The crazy thing is, because it’s grown from living human cells, the ear is technically alive. And as if that wasn’t weird enough, thanks to the help of embedded microphones that are linked up to a computer, it can actually hear, too. Visitors to the The Center for Art and Media in Karlsruhe, Germany —where the ear is currently on display— can speak into the reformed appendage and have their words understood.

“You can talk to the ear. The input sound is processed by a computer using software that converts it to simulate nerve impulses in real time. The speaker remains in soliloquy. The crackling sound that is produced is used to outline absence instead of presence.” explains the museum.

The piece is on display in Germany until July 6th, and will be coming to New York in spring 2015.

Emerging Tech

Researchers discover a way to make 3D printing 100 times faster using light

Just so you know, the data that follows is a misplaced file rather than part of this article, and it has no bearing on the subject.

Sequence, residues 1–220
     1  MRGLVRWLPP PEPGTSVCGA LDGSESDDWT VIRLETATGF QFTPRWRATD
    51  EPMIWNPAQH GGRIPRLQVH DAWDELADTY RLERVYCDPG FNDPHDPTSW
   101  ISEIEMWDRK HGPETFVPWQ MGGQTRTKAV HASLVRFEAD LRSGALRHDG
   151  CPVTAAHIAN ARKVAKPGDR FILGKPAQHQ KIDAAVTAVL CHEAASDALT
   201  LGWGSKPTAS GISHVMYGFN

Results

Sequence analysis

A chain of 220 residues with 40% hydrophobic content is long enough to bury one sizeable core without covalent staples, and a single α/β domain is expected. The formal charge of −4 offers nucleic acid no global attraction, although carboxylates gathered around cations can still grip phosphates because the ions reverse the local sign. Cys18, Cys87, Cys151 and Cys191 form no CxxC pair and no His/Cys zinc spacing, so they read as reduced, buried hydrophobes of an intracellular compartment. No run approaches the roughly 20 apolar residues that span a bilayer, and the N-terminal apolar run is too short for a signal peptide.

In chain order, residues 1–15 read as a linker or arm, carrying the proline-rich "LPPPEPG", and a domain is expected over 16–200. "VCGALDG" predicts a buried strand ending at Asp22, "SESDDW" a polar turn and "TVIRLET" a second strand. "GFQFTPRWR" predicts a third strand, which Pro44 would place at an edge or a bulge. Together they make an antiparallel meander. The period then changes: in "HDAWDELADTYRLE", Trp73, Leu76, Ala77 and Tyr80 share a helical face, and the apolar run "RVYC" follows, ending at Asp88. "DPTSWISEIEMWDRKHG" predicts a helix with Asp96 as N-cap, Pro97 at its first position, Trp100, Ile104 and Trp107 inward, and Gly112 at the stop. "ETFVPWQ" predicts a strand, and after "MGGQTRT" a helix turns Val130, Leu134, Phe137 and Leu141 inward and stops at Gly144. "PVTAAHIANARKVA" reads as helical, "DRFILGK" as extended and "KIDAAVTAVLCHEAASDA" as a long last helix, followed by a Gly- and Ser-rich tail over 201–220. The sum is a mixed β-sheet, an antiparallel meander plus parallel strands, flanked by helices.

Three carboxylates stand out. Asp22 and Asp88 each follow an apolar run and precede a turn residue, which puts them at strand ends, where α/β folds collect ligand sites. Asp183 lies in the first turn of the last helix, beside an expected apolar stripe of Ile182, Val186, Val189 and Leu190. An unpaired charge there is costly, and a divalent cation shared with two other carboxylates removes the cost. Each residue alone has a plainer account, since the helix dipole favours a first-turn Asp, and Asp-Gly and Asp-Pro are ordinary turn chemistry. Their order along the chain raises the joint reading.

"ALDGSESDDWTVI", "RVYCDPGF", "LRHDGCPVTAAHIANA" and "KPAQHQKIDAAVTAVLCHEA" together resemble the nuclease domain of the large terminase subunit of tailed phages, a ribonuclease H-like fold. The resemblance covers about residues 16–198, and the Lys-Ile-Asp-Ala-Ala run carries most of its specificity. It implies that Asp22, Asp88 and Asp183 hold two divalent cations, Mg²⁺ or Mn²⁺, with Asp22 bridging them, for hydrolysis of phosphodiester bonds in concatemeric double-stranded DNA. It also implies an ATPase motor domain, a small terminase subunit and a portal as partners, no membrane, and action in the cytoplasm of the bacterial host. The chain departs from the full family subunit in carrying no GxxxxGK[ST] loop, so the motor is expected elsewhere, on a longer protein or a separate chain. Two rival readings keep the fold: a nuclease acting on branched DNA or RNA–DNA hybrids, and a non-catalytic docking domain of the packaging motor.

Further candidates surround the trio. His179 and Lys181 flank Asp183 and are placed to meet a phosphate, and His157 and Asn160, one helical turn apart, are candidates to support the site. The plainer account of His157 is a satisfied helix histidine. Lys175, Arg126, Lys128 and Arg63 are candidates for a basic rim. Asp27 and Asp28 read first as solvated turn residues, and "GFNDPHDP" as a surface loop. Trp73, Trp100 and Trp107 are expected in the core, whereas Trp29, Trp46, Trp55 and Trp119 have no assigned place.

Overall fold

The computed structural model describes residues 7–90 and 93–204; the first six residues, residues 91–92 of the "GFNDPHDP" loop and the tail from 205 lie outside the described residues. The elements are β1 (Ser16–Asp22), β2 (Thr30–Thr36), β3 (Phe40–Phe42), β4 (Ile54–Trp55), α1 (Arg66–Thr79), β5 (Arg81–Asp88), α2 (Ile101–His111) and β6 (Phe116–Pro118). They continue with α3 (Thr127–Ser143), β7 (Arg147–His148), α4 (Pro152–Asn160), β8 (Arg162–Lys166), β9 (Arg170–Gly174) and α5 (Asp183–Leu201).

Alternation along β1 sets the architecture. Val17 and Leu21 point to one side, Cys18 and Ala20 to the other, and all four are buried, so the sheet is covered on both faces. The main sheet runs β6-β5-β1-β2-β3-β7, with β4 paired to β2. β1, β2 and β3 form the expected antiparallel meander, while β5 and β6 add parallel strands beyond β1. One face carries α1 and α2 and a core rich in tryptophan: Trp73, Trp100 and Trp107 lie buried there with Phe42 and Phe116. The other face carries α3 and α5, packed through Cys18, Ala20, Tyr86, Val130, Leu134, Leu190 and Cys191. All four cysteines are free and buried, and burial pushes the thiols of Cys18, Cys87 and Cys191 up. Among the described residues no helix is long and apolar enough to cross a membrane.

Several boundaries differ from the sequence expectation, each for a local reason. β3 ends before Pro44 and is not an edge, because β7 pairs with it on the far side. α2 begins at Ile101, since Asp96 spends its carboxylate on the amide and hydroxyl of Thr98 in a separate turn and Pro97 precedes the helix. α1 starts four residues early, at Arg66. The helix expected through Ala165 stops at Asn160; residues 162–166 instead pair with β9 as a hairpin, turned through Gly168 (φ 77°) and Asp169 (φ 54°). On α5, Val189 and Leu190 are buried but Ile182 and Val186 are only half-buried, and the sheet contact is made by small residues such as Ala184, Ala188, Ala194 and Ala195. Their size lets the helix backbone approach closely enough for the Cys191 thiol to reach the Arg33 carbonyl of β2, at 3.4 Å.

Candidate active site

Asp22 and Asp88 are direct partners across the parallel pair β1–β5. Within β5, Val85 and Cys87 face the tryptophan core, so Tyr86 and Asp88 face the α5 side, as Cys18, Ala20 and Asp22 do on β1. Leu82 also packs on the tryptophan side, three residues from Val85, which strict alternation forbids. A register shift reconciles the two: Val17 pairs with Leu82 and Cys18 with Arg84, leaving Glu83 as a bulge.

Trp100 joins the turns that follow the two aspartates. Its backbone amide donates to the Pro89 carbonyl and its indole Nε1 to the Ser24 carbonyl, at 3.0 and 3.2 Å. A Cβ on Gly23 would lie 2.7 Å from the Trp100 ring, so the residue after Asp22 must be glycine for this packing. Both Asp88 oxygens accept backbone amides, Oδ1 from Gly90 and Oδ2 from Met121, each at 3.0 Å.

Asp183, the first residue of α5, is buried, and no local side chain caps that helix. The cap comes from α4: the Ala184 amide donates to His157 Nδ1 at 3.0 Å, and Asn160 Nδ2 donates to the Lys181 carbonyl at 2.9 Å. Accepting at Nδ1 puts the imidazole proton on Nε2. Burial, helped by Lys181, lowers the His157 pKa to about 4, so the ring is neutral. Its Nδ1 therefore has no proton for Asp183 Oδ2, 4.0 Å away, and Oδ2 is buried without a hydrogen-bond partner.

Researchers at the University of Michigan have invented a new method of 3D printing which is up to 100 times faster than conventional 3D-printing processes. Here's how it works and why it could prove a game-changer for 3D printing.
Virtual Reality

Think virtual reality is just for games? These awesome apps will change your mind

Virtual reality isn't all about gaming. Swim with turtles, paint in 3D, and immerse yourself in some unique experiences the platform has to offer with our curated list of the best VR apps.
Emerging Tech

The best 3D printers for 2019